Whilst we looked at the Black Swans at the old Whitehall Works, which once a paper mill, it was also cotton-weaving mill, bleach works and dyeing works, these days it is home to Stephanie Works, Edwina came back past us, we were greeted by her dog and so got chatting to her about our visit and her life. She was really pleasant to chat too.


Further along the tramway trail we came across what is left of Forge Mill, Chinley. The Mill used to manufacture paper, it was also a bleaching works and a bed linen factory, its destiny is now in the hands of the developer, who are planning to build 200 homes on the site. Black Brook, a tributary of the river Goyt, runs through the site from east to west and the old mill pond is still there. I am guessing that the chimney is to stay amongst the new development as it has not been flattened.


Along the trail there is still evidence of the old tramway. The tramway from Forge Mill used to carry bleached cloth down to the canal for transportation. The tramways were also used to transport limestone from the quarries to be burnt in the kilns or to be transported by canal.


Our walk ended at Charley Lane. Instead of taking the same route back we walked down the lane to a bridge and followed a footpath which took us alongside the Black Brook back to Forge Mill.



We both enjoyed the walk and so decided we would end it with lunch in The Navigation Inn.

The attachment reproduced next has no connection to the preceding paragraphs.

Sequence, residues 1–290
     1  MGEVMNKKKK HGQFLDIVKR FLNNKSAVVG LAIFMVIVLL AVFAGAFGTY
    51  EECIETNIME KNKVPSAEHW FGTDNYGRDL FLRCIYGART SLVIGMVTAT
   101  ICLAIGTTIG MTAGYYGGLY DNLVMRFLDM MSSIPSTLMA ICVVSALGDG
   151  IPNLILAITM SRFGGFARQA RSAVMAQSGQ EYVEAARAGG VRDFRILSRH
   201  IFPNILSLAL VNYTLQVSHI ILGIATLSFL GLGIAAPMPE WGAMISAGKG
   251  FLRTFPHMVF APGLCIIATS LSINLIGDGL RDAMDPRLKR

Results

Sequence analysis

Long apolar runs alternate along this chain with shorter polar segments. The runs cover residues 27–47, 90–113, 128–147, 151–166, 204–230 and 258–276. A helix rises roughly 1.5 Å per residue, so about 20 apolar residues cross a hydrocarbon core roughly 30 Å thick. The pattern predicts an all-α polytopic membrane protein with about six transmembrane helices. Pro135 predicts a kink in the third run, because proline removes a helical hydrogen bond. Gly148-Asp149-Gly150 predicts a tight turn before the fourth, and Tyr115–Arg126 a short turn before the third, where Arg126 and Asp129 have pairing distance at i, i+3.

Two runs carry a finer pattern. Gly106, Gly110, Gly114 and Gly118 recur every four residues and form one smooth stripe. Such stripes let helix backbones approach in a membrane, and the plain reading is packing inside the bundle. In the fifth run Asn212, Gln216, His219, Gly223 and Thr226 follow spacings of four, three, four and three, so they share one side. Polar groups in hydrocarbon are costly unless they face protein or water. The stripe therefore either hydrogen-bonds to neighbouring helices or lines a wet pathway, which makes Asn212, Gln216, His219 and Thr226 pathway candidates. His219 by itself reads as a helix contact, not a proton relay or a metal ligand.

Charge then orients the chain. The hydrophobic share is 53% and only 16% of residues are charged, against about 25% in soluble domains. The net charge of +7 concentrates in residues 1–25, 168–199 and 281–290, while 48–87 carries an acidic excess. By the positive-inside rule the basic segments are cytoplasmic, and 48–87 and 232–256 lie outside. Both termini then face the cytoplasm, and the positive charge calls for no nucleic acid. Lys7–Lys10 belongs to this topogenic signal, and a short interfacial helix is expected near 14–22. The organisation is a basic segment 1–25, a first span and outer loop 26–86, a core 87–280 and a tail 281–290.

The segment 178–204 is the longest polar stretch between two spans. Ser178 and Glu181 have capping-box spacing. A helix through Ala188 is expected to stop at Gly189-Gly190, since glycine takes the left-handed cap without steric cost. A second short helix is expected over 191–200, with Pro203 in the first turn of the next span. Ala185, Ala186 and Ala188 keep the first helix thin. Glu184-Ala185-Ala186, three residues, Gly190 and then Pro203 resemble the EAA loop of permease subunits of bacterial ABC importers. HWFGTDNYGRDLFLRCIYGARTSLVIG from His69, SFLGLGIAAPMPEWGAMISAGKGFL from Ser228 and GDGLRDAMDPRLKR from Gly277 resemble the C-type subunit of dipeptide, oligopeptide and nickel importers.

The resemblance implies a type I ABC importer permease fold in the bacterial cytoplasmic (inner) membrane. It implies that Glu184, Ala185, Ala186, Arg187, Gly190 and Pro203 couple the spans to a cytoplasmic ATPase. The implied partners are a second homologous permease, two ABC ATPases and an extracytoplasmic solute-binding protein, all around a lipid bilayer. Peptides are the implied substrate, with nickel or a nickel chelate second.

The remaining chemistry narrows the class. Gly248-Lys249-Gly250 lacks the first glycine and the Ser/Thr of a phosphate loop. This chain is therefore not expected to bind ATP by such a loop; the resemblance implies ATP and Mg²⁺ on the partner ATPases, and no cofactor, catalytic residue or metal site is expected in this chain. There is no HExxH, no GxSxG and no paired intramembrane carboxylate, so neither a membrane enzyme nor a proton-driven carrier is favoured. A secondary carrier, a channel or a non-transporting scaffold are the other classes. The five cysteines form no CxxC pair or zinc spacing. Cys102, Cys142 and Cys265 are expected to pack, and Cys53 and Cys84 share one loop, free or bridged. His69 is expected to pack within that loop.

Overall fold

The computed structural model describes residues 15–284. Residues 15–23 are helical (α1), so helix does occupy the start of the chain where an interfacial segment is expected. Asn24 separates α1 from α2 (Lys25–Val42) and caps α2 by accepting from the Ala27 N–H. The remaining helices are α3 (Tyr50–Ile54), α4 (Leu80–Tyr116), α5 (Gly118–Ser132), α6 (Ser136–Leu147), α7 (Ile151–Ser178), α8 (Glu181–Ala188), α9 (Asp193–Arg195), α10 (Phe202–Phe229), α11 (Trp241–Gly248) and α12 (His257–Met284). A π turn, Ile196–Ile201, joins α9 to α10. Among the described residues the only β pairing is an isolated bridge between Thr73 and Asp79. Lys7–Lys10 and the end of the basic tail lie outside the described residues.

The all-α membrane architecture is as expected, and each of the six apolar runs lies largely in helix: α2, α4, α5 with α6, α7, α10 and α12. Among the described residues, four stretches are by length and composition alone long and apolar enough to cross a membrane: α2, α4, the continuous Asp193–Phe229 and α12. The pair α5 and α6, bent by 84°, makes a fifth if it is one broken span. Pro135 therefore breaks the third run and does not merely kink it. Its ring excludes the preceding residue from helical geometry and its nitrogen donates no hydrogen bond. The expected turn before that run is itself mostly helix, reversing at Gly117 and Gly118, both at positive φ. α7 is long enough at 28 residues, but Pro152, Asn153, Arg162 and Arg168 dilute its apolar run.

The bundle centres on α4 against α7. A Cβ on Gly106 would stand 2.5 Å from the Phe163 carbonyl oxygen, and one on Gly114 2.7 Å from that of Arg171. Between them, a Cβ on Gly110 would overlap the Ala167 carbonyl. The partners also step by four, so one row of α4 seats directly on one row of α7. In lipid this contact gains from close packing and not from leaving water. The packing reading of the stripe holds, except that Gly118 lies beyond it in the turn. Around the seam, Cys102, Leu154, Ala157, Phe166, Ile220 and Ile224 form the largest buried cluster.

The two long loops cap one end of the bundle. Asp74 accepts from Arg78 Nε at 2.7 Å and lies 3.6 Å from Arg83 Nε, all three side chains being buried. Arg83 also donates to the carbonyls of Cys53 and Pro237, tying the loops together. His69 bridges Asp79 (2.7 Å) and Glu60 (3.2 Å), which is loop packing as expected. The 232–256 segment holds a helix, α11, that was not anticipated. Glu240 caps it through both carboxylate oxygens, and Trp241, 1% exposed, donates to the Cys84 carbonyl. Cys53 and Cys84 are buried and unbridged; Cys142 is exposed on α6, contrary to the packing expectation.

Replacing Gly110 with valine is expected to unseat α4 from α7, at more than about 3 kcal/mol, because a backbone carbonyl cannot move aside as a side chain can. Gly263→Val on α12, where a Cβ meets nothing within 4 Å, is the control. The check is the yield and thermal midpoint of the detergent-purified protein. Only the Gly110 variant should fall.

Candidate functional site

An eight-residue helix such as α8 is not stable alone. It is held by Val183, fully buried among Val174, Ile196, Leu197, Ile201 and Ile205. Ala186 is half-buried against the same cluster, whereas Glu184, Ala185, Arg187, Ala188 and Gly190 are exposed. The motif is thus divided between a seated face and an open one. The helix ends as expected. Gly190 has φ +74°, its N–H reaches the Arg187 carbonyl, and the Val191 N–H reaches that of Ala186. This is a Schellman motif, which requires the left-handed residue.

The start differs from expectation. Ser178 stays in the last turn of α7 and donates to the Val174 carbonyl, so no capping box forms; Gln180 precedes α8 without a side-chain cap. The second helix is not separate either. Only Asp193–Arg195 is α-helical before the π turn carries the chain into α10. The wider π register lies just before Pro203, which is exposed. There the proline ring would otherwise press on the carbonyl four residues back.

Keith had Cottage Pie and Vegetables and I went for Liver and Onions.


We followed that with Sticky Toffee Pudding with Custard and I had Chocolate Fudge Cake with Ice Cream, which was sublime. Our tipple of the day was Doctor Morton's Duck Baffler.


After a very nice lunch, we took a walk up to Buxworth. It was once an important centre for the limestone industry, became the terminus of the Peak Forest Canal. The village was originally called Bugsworth, but in the early 20th century some residents began to dislike the name of their village and so in 1930 it was renamed Buxworth after some campaigning.

In 1898 John Cotton was the last man to be hanged in Derby Gaol for murdering his wife in Bugsworth basin after drinking heavily in the Rose & Crown, which no longer exists at Bugsworth.


Buxworth church St. James is a pretty little church, with a grave yard which is still in use. The church is c1874 and stands very proudly on the bank.


Whilst looking at the headstones, this one got my attention purely because of the unusual names. So on returning to the boat I did a little detective work on the Wildgoose family. Septimus Wildgoose was born in Doveholes, Derbyshire and as far as I can tell was a clerk. He married Sarah Elizabeth Brooks on the 12 December 1898. Sarah Brooks was born 20 May 1876, Dreacot in Clay, Staffordshire.


As we continued our walk we found this old Methodist chapel, but is now a private residence, complete with gravestones in the back garden!


We walked back to the basins, via what used to be the arm below the lime kilns between the basins and the village, unfortunately there is very little sign that the lime kilns were ever there, which is a real shame.

Back on board and the smell coming from the back cabin stove suggested that my Gammon joint was cooking nicely. Marmite and Paddy were very happy to see us. The sun is out as the low cloud has finally been burnt away. Two boats that had been moored near us have now gone, so we are pretty much on our own. I have done all I am going to do today, apart from the usual feeding mog and dog, sorting out fires and general tidying. So I am off to watch a bit of TV.

Chat soon.